When Jen Cobean decided to become a school bus driver eight years ago, the overriding factor was her eligibility for Loudoun County public schools health insurance and retirement benefits.
“The fact that you could be contracted at 3½ hours [a day] and get full benefits was definitely the biggest draw,” Cobean said. “At the time, my husband was a mechanic. They don’t get benefits, so this is our health insurance.”
Now, as the School Board considers ways to possibly cut as much as $16 million from its fiscal 2014 budget, Cobean and hundreds of other school employees who are contracted to work fewer than 30 hours a week face the possibility of losing some or all of their benefits.
In January, the School Board cut $16.7 million from the budget proposed by School Superintendent Edgar B. Hatrick III, with employee benefits among the main targets for reductions. The School Board cut an estimated $4 million from the budget by requiring employees to cover the cost difference between two health insurance plans if they chose the more expensive plan.
The board also approved changes in the benefits package that would affect only new hires. Members voted not to offer retirement or health insurance benefits to new employees who work fewer than 20 hours a week, and they adopted a tiered system requiring new employees who work fewer than 30 hours weekly to pay a greater share of their health insurance costs. Board members decided that the benefits of the 580 current employees who work from 17½ to 30 hours a week, most of whom are bus drivers and attendants, would be grandfathered.
School Board member Bill Fox (Leesburg), who proposed several options for reducing the cost of employee benefits, said at the time that he recognized that health insurance was “an essential recruiting tool” for bus drivers and other employees who work fewer than six hours a day and that they should remain eligible for health insurance coverage.
But in a March 18 straw vote, the Loudoun Board of Supervisors indicated it would reduce funding for the school system by another $16 million. Supervisor Ralph M. Buona (R-Ashburn) singled out employee benefits as a potential area for further reductions.
“I applaud the School Board for trying, but we got a long ways to go, guys,” Buona said. “They grandfathered everybody on health. [I could] get a lot of money out of the system if I didn’t do that. They grandfathered everybody — everybody — on full-time employment definition. There’s $7.2 million I got out [of the budget], just like that.”
Fox disagreed. “I respect [Buona], but we’re not going to save nearly what he thinks we are by not grandfathering,” he said. “It’s not even close.”
He said that the School Board would probably have to take another look at the question of grandfathering current employees who work fewer than 30 hours a week, at least with respect to Virginia Retirement System eligibility and tiered health insurance contributions.
“I wish I could say that this was off the table,” he said. “But when we’ve already cut $17 million and we have to cut $16 [million] more, there’s not a lot you can say is off the table.”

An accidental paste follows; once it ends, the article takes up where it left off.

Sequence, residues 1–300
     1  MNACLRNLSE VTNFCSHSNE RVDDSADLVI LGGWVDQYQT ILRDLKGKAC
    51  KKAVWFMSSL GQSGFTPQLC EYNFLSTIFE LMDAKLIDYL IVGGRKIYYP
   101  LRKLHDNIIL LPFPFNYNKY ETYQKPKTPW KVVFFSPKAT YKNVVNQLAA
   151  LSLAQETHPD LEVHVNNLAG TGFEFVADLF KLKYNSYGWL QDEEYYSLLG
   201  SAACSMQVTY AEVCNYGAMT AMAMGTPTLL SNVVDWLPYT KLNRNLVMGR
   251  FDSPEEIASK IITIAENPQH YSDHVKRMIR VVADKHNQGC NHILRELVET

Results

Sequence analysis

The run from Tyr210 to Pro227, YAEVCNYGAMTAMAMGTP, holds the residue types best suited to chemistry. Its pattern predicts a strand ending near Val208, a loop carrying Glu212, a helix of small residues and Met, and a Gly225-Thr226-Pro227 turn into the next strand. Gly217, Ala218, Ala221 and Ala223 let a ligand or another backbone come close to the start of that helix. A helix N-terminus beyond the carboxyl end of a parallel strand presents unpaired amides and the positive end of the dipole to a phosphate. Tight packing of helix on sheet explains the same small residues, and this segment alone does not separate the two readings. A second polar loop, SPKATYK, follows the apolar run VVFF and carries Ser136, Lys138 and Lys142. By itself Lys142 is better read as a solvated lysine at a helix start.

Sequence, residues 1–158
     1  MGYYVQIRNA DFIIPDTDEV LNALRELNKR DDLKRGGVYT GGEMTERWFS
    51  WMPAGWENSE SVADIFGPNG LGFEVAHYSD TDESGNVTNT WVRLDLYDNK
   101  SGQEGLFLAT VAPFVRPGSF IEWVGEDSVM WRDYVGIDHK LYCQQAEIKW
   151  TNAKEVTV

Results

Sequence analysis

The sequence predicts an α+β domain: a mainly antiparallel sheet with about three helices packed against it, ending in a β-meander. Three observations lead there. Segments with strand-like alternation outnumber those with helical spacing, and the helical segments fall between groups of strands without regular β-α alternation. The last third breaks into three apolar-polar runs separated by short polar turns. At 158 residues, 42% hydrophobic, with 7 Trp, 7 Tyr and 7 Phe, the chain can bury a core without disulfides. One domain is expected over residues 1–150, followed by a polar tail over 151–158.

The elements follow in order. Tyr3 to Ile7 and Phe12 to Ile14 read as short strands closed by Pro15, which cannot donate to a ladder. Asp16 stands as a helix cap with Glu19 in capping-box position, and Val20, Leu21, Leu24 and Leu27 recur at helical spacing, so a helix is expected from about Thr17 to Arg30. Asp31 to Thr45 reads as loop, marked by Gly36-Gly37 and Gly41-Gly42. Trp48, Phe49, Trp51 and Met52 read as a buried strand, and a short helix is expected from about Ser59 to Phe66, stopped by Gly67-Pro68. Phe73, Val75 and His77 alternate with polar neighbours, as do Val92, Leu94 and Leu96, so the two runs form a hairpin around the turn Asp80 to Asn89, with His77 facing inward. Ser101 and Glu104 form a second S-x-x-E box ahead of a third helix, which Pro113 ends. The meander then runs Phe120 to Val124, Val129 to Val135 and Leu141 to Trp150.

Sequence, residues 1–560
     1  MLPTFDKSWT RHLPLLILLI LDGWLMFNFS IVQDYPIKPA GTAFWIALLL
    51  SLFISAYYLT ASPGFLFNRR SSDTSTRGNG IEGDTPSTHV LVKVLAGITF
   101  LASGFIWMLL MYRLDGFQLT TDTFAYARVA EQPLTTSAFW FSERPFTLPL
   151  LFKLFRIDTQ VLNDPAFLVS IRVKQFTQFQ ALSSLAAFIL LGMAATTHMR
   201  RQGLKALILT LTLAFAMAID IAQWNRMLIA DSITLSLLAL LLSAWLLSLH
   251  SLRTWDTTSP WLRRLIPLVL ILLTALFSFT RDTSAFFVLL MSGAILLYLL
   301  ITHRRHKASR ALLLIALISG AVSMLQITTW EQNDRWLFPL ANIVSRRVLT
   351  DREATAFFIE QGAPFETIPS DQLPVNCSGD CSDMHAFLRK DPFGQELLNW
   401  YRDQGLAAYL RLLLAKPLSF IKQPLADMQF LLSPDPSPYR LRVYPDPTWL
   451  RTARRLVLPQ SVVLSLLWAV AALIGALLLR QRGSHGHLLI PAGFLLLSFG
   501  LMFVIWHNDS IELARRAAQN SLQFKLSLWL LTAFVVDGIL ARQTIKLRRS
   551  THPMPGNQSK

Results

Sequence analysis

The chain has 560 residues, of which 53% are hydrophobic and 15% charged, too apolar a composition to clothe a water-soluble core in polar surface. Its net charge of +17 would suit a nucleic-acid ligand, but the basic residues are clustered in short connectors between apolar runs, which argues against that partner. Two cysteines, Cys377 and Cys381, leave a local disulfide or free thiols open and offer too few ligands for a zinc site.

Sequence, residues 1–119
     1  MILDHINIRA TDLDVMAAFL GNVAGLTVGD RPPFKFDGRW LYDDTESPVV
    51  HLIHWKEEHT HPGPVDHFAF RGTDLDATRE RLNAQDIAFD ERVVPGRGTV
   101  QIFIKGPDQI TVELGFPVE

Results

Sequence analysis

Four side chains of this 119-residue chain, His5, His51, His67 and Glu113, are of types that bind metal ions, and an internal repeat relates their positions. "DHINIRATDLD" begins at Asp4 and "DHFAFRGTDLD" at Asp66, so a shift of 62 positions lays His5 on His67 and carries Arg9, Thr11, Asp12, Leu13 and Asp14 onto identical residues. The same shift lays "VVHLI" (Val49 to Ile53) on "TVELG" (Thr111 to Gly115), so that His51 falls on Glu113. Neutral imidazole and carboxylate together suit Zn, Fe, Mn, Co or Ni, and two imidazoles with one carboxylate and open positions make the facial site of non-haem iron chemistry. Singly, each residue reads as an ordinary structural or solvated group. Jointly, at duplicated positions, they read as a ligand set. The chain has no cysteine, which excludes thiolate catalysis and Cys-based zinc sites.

Cobean said that a reduction in benefits might force her to look for a full-time job.
Cobean, 36, of Ashburn, gets her three children up by 6 a.m. every school day and takes them to her bus an hour later, when she begins her runs. She estimated that she transports 75 to 80 children a day to Mill Run Elementary School, Eagle Ridge Middle School and Stone Bridge High School, all in Ashburn. She drops off her two oldest children at Mill Run. The youngest, who is 4, rides along on all her routes.
Cobean said she finishes her morning routes by 9 a.m. and then has to be back on the bus by 2 p.m. She finishes her afternoon routes about 4:30 p.m. She is contracted for 25 hours a week and supplements her income by working in the bus dispatch center several days a week, between her morning and afternoon shifts. The hours she works in dispatch do not count toward her benefits, she said.
“It just seems as if, for the higher-ups, they don’t really have any kind of idea what it is like in the real world,” she said. “Because they have a great income. The rest of us are just fighting to scrape by. You know, $17,000 a year — what’s that going to get you?”
Ervin Talkington, 60, of Sterling drove a school bus for about eight years before he had to stop because of health reasons. Now he works full time as a substitute school bus attendant, assisting special education students. Talkington said he enjoys working with different children and different bus drivers every day. The bus drivers are closely following the budget deliberations, he said.
“They definitely talk about it, and they think it’s wrong” that reduction in benefits are being considered, he said. “I personally think they’re going to lose a lot of drivers. And I also think it’s going to be harder for them to hire drivers.”
Cobean said she especially likes working with the children of her community and feels a great responsibility to keep them safe.
“The kids are awesome, and I have siblings now of kids that I had in the beginning,” she said. “It’s a major [responsibility], definitely. I’ve been thinking about that a lot lately. [People] think, ‘She’s just a bus driver, what’s the big deal?’ It’s still a long time to have these kids.
“Just fighting for hours, and the ability to provide for your family, is the worst part.”
Supervisors are scheduled to vote Wednesday on the fiscal 2014 budget, including funding for the school system.